Review: Rodrigo y Gabriela, Colston Hall

4th December 2014


Sometimes things just work. You can’t really explain it, but they just do.

Be it balsamic vinegar in a dessert, or flamenco and heavy metal, it may seem odd at first but once you get over the initial apprehension it’s hard to imagine how you ever lived without it.

This in a nutshell must be the experience for nearly everyone that first watches the firework fiesta of guitar brilliance that is a Rodrigo y Gabriela show. To be sure the genre-busting Mexican duo combine as diverse a range of influences as is legally possible with songs like ‘Tamacun’, ‘Hanuman’ and ‘Diablo Rojo’ owing as much to jazz and flamenco as they do Metallica.

Combined with this musical diversity it appears, from the outside at least, that their characters are as at odds as their styles of music –with Gabriela the self confessed “hippy of the band” and Rodrigo the more serious leader.

Here to promote their fourth studio album, 9 Dead Alive, tonight they also come armed with a socialist manifesto in the shape of their fluid set list, which they make up entirely as the go along – with the help of periodic suggestions from the crowd. It’s a liberating experience, for them and us, and makes this and every gig on the tour seem like a unique and responsive event (with band feeding off the crowd creatively as well as emotionally) rather than merely a poor imitation of the night before.

The pace is frenetic from the off and even the fret cam, which gives us a guitar based view of the action, doesn’t do the nimbleness of their fingers justice.

It’s not an easy thing to make this all work either and the duo really push their craft to its very limits through the use of innovative guitar techniques, sounds and even aesthetically in the form of the stage presentation (see aforementioned fret cam).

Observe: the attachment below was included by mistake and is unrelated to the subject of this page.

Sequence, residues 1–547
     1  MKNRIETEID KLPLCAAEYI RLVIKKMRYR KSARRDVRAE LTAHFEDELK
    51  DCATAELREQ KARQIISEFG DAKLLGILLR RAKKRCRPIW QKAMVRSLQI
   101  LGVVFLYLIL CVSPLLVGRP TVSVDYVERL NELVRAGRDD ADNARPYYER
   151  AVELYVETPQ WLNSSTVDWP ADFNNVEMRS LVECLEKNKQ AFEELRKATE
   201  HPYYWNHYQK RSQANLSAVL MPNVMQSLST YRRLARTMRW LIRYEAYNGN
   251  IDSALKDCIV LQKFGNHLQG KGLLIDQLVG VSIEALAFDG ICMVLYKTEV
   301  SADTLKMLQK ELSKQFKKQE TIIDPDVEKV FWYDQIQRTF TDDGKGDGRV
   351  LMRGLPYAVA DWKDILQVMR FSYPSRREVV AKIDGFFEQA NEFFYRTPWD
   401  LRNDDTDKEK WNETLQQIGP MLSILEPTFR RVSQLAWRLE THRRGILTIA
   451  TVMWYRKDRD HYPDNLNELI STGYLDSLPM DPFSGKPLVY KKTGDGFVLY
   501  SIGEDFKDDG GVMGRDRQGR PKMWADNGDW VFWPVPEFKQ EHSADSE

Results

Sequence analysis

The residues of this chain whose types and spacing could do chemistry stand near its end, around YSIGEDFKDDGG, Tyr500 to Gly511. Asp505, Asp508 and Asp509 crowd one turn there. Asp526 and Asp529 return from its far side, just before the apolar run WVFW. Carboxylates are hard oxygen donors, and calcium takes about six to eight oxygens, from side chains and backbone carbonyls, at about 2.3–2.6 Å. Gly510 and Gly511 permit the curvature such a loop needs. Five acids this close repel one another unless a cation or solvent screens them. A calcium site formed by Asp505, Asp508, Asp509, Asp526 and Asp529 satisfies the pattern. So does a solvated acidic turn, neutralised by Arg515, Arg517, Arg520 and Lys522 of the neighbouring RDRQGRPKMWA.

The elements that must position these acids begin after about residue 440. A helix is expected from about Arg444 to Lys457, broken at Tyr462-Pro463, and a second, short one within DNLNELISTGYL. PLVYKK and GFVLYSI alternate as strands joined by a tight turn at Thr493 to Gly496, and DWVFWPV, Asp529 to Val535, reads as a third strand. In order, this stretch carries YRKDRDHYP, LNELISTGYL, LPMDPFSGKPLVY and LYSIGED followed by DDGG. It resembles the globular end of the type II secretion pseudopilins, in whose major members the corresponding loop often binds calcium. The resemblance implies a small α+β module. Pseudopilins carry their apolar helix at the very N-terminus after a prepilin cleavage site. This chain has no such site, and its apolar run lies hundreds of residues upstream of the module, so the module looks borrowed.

Songs from the new album see them return to “two guitars and that’s it”, following their work with a Cuban orchestra on 2012’s Area 52, with highlights including the raw blues swagger of ‘Torito’ and ‘The Russian Messenger’, that proves they’re still metal heads at heart.


Rodrigo y Gabriela’s is a truly democratic stardom, with both sharing solo stage time to work in solo jams/medleys that indicate just how great they are individually, but it is only when they combine their powers that they are truly a force of nature. Indeed, throughout the night the pair wear constant grins, as if they themselves cannot believe how awesome they are! And perhaps this is where their true strength lies – in their almost childlike love of what they do, that has not yet been corrupted by time, money or success.

mexico grave 123

Following a heartfelt call for solidarity with all Mexicans in honour of the 43 disappeared students in Mexico (to whom the tour is dedicated) the encore is something of a karaoke affair (that harks back to their busking roots in Ireland), comprising of an aborted version of ‘War Pigs’ by Black Sabbath (due to Rodrigo forgetting the words), the Red Hot Chilli Peppers ‘Californication’, ‘Creep’ by Radiohead (as they did at Glastonbury) and finishing on perhaps their most noted song ‘Tamacun’ to total and utter delirium.

Still making crowds coo in utter admiration, Rodrigo y Gabriela are perhaps the most unique acoustic band you will ever see, so be sure that you don’t miss them.


By Kevin McGough

To find out where you can catch them click here.